The illegal exporting of waste carries a maximum two-year jail sentence
Brazil is to lodge a formal complaint that alleged illegal shipments of UK toxic waste have breached international conventions, its government has said.
Environment Agency officers and police in Britain raided three properties in the Swindon area of Wiltshire this week, arresting men aged 24, 28 and 49.
They want 1,400 tonnes of waste from 99 containers, said to include condoms and syringes, returned for inspection.
Brazil's president has criticised rich countries for sending rubbish abroad.
Luiz Inacio Lula da Silva said many of them claimed to be opposed to pollution.
But he added: "Who is going to recycle a condom? Who is going to recycle hospital waste?
"The only way out is for the containers to be sent back where they came from. We don't want to export our rubbish or to import the rubbish of others."
Brazilian diplomats are to lodge a complaint with the organisation in Geneva, run by the United Nations, which oversees international codes governing the transport of hazardous material.
It is based on the Basel Convention, which bans shipments of toxic waste from industrialised nations, Brazil's foreign ministry said in a statement.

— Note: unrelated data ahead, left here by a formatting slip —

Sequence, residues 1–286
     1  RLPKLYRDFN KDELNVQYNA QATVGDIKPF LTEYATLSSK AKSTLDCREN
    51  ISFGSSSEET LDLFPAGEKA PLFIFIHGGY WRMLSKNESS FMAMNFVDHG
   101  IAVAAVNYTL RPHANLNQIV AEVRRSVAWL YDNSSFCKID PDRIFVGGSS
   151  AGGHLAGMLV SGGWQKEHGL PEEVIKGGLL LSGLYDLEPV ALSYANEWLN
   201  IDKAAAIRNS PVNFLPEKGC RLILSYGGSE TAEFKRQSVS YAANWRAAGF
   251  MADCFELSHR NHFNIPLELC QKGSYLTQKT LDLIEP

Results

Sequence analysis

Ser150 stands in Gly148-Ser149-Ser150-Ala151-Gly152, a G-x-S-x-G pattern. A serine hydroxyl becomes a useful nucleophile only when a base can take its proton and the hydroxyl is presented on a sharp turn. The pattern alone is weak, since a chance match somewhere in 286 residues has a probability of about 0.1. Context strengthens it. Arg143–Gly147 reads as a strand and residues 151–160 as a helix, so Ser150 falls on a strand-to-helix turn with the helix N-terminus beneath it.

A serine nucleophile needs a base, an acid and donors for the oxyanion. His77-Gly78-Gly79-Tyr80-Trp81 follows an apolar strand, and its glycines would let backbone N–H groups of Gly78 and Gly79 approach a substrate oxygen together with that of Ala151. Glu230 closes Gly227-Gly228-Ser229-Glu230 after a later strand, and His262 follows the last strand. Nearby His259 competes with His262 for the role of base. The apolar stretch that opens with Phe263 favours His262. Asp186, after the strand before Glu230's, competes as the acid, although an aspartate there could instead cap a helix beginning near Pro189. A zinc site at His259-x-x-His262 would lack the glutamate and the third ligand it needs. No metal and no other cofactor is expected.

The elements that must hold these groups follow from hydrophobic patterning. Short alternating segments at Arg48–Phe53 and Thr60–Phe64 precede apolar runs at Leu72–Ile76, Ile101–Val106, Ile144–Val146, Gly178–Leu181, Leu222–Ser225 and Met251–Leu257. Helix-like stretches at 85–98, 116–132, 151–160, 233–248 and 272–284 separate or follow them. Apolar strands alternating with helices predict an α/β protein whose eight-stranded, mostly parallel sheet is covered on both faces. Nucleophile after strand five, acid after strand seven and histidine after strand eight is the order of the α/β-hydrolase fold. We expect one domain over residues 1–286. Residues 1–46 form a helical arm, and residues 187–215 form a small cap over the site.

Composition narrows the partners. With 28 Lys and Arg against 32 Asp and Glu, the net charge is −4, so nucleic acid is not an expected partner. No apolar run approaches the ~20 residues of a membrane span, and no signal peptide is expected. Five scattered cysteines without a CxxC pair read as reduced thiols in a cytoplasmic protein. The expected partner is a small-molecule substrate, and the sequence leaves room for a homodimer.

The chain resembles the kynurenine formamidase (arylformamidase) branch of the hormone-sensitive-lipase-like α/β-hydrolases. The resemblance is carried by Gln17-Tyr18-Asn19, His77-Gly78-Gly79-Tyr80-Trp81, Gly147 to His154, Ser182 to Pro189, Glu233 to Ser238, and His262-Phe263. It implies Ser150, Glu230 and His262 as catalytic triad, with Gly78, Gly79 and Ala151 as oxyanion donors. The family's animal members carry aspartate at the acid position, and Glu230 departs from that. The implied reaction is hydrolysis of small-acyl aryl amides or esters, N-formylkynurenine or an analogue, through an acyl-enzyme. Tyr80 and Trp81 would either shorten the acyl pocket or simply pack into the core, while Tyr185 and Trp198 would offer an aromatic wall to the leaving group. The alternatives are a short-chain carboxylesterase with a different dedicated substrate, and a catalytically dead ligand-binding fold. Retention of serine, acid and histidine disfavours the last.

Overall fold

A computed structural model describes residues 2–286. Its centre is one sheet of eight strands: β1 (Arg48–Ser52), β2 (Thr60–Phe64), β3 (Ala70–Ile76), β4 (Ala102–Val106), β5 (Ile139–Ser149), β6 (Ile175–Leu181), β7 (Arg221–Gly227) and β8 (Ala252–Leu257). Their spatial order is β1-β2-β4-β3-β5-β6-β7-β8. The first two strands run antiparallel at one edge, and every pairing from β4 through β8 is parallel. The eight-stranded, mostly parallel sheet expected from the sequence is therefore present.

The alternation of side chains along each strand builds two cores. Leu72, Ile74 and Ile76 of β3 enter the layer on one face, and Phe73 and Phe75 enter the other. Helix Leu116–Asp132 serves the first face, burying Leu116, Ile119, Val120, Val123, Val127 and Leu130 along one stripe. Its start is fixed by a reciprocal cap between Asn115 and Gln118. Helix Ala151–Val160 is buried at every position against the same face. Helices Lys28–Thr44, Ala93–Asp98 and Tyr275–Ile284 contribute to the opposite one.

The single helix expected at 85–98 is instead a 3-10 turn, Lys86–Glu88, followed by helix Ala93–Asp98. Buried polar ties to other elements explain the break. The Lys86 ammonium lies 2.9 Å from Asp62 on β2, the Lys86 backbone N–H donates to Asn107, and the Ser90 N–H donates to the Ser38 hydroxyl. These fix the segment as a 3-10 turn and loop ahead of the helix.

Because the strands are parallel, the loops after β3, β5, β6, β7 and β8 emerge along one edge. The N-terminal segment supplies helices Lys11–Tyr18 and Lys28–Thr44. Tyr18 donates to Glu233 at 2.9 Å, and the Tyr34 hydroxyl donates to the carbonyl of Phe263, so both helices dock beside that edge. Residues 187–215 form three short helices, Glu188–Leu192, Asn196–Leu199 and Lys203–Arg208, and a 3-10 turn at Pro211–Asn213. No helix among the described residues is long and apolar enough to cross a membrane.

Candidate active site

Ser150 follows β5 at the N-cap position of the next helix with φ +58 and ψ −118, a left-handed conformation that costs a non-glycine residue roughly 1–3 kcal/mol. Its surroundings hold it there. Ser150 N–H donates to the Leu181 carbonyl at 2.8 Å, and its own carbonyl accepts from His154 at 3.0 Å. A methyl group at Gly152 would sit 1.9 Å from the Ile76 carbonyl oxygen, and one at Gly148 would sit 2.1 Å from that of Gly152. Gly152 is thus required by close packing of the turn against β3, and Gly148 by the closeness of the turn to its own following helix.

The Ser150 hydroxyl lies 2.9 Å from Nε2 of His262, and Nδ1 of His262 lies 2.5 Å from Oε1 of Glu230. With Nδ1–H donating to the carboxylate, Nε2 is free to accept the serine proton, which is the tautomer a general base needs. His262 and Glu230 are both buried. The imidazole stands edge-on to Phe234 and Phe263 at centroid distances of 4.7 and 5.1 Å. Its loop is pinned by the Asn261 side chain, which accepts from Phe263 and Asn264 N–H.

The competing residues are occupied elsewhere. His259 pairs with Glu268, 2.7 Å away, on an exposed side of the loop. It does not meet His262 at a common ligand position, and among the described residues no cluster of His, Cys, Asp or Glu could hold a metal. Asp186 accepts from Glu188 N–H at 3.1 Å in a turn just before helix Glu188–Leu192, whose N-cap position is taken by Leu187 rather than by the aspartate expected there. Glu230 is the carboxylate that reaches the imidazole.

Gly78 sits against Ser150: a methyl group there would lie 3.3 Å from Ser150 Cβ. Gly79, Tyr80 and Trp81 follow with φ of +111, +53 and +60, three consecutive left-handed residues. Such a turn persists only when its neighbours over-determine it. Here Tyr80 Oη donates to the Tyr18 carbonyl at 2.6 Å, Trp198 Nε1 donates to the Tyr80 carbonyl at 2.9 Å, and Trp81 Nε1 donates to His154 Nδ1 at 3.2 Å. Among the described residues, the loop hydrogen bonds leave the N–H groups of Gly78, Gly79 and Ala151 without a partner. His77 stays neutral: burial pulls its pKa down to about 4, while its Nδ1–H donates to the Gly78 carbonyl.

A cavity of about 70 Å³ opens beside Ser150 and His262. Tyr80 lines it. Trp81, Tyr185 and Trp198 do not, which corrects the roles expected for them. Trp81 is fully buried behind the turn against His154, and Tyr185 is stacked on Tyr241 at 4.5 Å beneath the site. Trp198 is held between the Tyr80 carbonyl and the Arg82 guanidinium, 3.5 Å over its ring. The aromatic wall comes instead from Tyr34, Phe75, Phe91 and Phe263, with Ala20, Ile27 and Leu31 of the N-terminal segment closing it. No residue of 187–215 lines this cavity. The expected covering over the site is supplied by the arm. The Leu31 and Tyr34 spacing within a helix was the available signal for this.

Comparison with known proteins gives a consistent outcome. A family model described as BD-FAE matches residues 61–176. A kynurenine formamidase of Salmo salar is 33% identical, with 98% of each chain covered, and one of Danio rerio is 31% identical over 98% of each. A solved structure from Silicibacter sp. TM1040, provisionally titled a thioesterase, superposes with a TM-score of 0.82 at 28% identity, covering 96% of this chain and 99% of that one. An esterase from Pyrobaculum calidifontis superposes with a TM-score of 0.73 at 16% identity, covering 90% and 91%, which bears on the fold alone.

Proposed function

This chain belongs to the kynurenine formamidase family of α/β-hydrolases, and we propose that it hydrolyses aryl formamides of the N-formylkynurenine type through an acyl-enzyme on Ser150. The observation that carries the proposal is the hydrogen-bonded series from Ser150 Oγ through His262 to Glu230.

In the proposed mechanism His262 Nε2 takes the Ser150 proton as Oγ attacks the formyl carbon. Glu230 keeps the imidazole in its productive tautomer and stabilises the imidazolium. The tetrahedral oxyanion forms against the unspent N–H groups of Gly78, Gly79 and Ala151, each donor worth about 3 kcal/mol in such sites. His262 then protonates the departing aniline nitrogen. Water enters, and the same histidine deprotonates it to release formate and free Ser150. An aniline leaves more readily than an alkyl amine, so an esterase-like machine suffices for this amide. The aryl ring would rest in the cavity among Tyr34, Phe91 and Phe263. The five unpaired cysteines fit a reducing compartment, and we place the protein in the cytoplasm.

It wants the origin of the containers traced and to find out how they ended up in three Brazilian ports - Santos, near Sao Paulo, and two others in the southern state of Rio Grande do Sul.
The Environment Agency said it could not confirm claims the shipping containers held a mixture of household and clinical waste.
It said it plans to search through the rubbish once it has been returned to the UK and ensure it is handled and disposed of properly.
The three men were released on bail on Friday, pending further investigations.
Their passports have been seized, but for legal reasons, they cannot be identified.
Head of waste Liz Parkes said the arrests marked "significant progress" in the investigation and that the agency was arranging for the waste to be shipped back to the UK.
She said: "The Environment Agency enforces the export of recyclable waste from England and Wales, and will not hesitate to prosecute any company or individuals found to have breached the strict laws on the export of waste.
"The United Kingdom has taken a strong global lead to stamp out the illegal waste trade, in order to protect people and the environment."
Waste can be sent abroad for recycling, but it is illegal to export it for disposal.
The maximum penalty for illegally exporting waste is an unlimited fine or two years in prison.